Eight things you need to know before buying an electric car
Sliced Bread is back to see if more wonder products that claim to make us healthier, happier and greener really stand up to scrutiny.
In a motoring-themed episode, Greg Foot takes on a challenge from his producer, Julian Paszkiewicz, to work out whether it's worth him switching his old petrol-guzzling car for a shiny new electric vehicle, or EV. Will this make him greener and help save him money?
Greg enlists carbon footprint expert Mike Berners-Lee, motoring journalist Vicky Parrot and battery electrochemist Euan McTurk to thrash it out.
But what do drivers need to bear in mind if they're also considering making that leap to electric?
1. The law changes in 2030
The government announced in 2020 that there would be a ban on the sale of new petrol and diesel cars from 2030. This doesn't mean that anyone who is driving a working petrol car has to swap it for an EV by this date, but anyone who wants a brand new car will need to make the switch after this date.
2. You can potentially save money by driving an electric car
Battery electrochemist Euan Turk says that he was travelling 12,000 miles a year in his EV and saving "a significant sum of money, well into four figures, every year".
He adds: "If you're factoring in the residual value of the car in what you would get if you sold it after however many years, that break-even point between buying a petrol car outright and buying an electric car outright is probably a couple of years for quite a lot of people, and then you're just laughing your way to the bank beyond that."
3. But low mileage drivers could be greener and better off sticking with their petrol cars
Freelance motoring journalist Vicky Parrot is an advocate for EVs, however, she says that it could actually be greener to keep an old petrol car on the road "even if it's only doing 30 miles per gallon".
It's crass to just scrap completely usable petrol and diesel cars.
"It's not just about the fuel you burn," Parrot explains, "it's also about the energy involved in recycling the car. It's crass to just scrap completely usable petrol and diesel cars. If you only do 5,000 miles a year – which plenty of people do – then potentially you're not going to make up the cost of a new EV in your fuel savings."
New EVs can cost thousands more to buy than their petrol siblings. Home charging can mean you can save money per mile than the cost of unleaded. Greg worked out that there is a break-even point but it will take a while before you start offsetting the extra upfront cost from what you don't pay at the pump.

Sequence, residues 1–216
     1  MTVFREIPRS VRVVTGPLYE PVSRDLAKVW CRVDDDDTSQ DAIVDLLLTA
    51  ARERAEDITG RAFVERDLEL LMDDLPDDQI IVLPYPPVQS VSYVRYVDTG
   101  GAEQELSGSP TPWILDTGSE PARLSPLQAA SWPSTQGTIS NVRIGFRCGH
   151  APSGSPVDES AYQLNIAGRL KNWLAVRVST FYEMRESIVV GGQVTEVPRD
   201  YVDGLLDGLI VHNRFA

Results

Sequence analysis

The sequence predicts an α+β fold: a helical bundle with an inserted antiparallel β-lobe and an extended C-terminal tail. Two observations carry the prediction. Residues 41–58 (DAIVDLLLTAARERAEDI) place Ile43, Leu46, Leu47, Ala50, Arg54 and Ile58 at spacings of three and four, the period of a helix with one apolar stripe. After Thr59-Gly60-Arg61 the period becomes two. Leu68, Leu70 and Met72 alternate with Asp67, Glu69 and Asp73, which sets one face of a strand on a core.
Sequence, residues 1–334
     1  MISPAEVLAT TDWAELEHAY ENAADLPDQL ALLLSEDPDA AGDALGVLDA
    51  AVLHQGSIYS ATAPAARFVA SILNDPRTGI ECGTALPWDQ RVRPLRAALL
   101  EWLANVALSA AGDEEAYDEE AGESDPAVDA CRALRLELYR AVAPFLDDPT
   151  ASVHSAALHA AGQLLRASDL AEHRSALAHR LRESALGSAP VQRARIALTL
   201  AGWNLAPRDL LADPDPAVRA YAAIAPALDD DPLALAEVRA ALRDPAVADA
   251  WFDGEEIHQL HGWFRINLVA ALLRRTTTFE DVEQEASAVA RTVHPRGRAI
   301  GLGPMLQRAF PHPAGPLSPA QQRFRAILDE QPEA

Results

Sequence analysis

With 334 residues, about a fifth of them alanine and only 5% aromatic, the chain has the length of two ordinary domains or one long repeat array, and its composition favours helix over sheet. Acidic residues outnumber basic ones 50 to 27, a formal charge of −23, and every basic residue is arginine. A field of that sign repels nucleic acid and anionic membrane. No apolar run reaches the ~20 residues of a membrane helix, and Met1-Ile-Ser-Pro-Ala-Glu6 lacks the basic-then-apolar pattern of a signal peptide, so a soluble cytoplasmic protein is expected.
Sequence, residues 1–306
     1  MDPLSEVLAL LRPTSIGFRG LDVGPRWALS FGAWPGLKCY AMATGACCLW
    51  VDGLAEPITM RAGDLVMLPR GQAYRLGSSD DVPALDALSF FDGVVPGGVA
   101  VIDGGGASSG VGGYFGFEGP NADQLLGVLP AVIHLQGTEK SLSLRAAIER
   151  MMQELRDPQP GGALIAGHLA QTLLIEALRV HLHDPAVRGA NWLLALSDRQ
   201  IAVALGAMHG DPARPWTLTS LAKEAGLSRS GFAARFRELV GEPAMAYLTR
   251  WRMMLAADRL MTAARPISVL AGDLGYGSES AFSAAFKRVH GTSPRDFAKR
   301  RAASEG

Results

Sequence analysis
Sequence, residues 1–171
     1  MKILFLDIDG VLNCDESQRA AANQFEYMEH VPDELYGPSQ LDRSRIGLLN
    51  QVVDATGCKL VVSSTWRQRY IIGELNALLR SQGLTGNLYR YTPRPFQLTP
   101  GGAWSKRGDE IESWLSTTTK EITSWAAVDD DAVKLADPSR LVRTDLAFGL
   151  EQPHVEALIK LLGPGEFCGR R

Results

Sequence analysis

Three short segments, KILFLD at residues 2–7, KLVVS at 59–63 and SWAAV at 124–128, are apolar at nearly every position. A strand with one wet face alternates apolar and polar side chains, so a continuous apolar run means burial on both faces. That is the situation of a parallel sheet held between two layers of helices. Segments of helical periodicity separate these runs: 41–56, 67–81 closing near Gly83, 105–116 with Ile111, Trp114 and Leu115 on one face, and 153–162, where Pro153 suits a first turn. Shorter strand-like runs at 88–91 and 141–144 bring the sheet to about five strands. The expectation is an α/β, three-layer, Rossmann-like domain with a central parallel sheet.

4. Even before you drive one, an EV has made a massive environmental impact
Mike Berners-Lee explains that the smaller, electronic components of an EV, such as microchips "could have a much bigger carbon footprint than you'd assume".
He continues: "Our best estimate is that for the electric Corsa, with a 50 kilowatt hour battery, the carbon footprint comes in at something like 12 tonnes of carbon dioxide equivalent, and a major component of that is the huge battery. For the petrol equivalent of the same car, we estimate that the carbon footprint comes in at just over half, at a much smaller 6.7 tonnes of carbon dioxide equivalent. For a sense of scale, that 12 tonnes is roughly the same as the total carbon footprint of the average UK person over a year."
Vauxhall told us they have data on the carbon footprints on their cars but did not want to share it.
5. Once you're off the forecourt, an EV still isn't 100% 'clean'…
When Greg drives his electric Corsa, he notes: "Fewer than one in three of the miles that I was driving in the EV were powered by truly renewable energy, because on that day - which I think was a pretty fair representation of what the energy mix often looks like - nearly 40% of UK electricity was coming from fossil fuels."
Or as, Julian points out: "Although it's got no exhaust pipe, the chances are the electricity that's gone in there has been made from the result of burning things."
6. …but sooner or later, the benefits of EVs do kick in
Despite the fact that a large proportion of the electricity used by an EV will still come from fossil fuels, Greg notes that "each of those miles is significantly cleaner than driving them in a petrol car by a factor of five or six".
However there's also the carbon footprint of making an electric car in the first place to take into account. The good news is that it is possible to offset that through those cleaner miles. Greg worked out that breakeven point in his electric Corsa. However, only two car makers, Volvo and Polestar have published data on the number of miles you’d have to drive one their EVs offset the carbon footprint from making it.
7. The experts give the thumbs up to EVs, but to differing degrees
Says journalist Vicky: "I don't think it's reasonable to say everyone must buy an EV in the same way that I don't think it's the green thing to just go out and scrap loads of old cars that are perfectly functioning, but I would say, with a few caveats, EVs are the best thing since sliced bread."
Euan goes further: "If you need to have a vehicle for whatever reason, whether it's a car, a van, a bus, a lorry, and you need to get it from point A to point B, electric propulsion is absolutely the way to go – it's the most efficient, it's the most simple, it's the most reliable, it’s the most ethical."
8. Energy and petrol prices can change
On the day after Greg's test, the government cut fuel duty. Just over a week later, the Ofgem energy price cap came into force which raised electricity prices for 22 million households. These affected Greg’s calculations on how much Julian would save per mile by going electric.
So will Julian switch? You can find out what Greg's test results are and Julian's reaction by listening here.
The information contained in this article was correct at the time of broadcast on 7 April, 2022.